Jo, Heui-Sug; Kwon, Myung Soon; Jung, Su-Mi; Lee, Bo-Young

2014-01-01

83

Prevalence of cervical neoplastic lesions and Human Papilloma Virus infection in Egypt: National Cervical Cancer Screening Project  

PubMed Central

Background Data from Egyptian studies provide widely varying estimates on the prevalence of pre-malignant and malignant cervical abnormalities and human papilloma virus (HPVs) infection. To define the prevalence and risk factors of pre-invasive and invasive cervical cancer (cacx), a community based full-scale cross sectional, household survey including 5453 women aged between 35 and 60 years was conducted. Methods The study period was between February 2000 and December 2002. Initially, conventional Papanicolaou (Pap) smears were evaluated using the Bethesda system (TBS), followed by colposcopic guided biopsy (CGB) for all epithelial abnormalities (EA). In a third step, HPV was tested on all EA by in-situ hybridization (ISH) using first the broad spectrum HPV probe recognizing HPVs 6, 11, 16, 18, 30, 31, 35, 45, 51 and 52 followed by subtyping with probes 6/11, 16/18 and 31/33. Lastly, unequivocal cases were immunostained for herpes simplex type-2 (HSV-2), cytomegalovirus (CMV), and human immunodeficiency virus (HIV). Results EA representing 7.8% (424/5453), were categorized into atypical squamous cell of undetermined significance (ASCUS) (34.4%), atypical glandular cell of undetermined significance (AGCUS) (15.3%), combined ASCUS and AGCUS (3.1%), low grade squamous intraepithelial lesions (SIL) (41.0%), high grade SIL (5.2%) and invasive lesions (1%). CGB of EA (n = 281) showed non neoplastic lesions (12.8%), atypical squamous metaplasia (ASM) (19.2%), cervical intraepithelial neoplasia I (CIN) (44.4%), CIN II (4.4%), CINIII (2.8%), endocervical lesions (5.2%), combined squamous and endocervical lesions (10.0%), invasive squamous cell carcinoma (SCC) (0.02%) and extranodal marginal zone B cell lymphoma (MZBCL) (0.02%). The overall predictive value of cytology was 87% while the predictive value for high grade lesions was 80%. On histological basis, HPVs were present in 94.3% of squamous lesions while it was difficult to be identified in endocervical ones. ISH revealed positivity for pan HPV in 65.9% of the studied biopsies (n = 217), with incorporation of the viral genome HPV 6/11, 16/18 and 31/33 in 11.1%, 33.3% and 17.1% respectively. Multiple HPVs infections were identified in 0.02%. Conclusion Pre-invasive high grade lesions and invasive cervical carcinoma represent 0.5% and 0.04% respectively in Egyptian women. HPV mostly 16/18 as a risk factor (p < 0.001), was frequently associated with mixed infections (p < 0.001) and bilharzial infestation (p < 0.001). PMID:17610742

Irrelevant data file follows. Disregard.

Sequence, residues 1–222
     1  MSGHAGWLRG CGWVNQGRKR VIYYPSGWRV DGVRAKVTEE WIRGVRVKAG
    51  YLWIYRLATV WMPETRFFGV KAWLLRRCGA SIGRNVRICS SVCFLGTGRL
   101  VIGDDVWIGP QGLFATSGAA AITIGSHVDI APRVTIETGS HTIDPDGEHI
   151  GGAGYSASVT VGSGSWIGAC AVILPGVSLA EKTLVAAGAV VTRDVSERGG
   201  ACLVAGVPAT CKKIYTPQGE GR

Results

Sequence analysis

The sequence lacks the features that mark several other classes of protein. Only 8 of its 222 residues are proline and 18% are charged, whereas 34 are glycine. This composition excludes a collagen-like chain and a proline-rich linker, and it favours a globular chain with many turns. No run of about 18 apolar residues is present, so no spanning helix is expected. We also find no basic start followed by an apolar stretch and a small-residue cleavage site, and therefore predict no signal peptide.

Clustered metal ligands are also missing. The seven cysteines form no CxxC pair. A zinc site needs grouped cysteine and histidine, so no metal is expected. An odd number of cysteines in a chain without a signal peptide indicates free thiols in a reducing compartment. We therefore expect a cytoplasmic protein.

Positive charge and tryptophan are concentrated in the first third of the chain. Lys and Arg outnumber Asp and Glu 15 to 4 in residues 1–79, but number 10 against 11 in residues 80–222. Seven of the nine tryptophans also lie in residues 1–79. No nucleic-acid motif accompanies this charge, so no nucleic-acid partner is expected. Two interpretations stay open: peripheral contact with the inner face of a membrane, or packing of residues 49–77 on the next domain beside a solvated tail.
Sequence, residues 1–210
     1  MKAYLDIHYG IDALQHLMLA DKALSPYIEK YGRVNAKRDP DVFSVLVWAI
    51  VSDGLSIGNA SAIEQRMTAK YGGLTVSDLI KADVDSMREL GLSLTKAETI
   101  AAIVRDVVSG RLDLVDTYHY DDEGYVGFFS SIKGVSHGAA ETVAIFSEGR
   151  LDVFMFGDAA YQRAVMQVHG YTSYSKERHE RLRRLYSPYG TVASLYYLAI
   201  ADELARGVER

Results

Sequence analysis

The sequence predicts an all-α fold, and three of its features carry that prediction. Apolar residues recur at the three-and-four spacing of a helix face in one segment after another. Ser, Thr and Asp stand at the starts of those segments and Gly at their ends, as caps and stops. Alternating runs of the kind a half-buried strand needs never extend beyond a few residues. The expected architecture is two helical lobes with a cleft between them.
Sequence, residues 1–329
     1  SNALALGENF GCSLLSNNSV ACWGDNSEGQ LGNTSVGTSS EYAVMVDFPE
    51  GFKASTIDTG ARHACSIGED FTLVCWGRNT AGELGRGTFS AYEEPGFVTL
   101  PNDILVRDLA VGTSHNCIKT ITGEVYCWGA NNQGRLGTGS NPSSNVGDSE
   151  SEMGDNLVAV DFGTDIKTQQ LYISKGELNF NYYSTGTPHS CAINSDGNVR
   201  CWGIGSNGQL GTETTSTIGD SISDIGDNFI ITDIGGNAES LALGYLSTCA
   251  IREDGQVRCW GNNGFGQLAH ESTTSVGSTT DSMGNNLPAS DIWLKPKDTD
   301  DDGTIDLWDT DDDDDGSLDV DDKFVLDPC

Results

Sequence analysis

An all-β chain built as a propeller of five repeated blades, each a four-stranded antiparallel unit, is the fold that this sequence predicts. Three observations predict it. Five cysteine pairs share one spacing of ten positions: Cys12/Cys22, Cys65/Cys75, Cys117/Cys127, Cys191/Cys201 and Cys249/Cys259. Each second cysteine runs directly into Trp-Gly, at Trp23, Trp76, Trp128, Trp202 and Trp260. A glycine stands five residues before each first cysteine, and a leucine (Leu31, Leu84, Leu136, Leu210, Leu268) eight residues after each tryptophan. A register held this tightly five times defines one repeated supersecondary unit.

Abd El All, Howayda S; Refaat, Amany; Dandash, Khadiga

2007-01-01

84

[Computed tomography screening for lung cancer].  

PubMed

Lung cancer screening has been the focus of intense interest since the publication in 2011 of the NLST trial (National Lung Screening Trial) showing a mortality reduction in smokers undergoing 3-year screening by chest computed tomography. Although these data appear promising, many issues remain to be resolved, such as high rate of false positive cases, risk of overdiagnosis, optimal intervals between screens, duration of the screening process, feasibility, and cost. Structured screening programs appear crucial to guarantee patient information, technical quality, and multidisciplinary management. Despite these uncertainties, several guidelines already state that screening should be performed in patients at risk, whereas investigators stress that more data are needed. How should the primary care physician deal with individual patients requests? This review provides some clues on this complex issue. PMID:23240295

Lazor, R; Cornuz, J; Lovis, A; Nicod, L P

2012-11-21

85

Colorectal Cancer Screening: Tests, Strategies, and Perspectives  

PubMed Central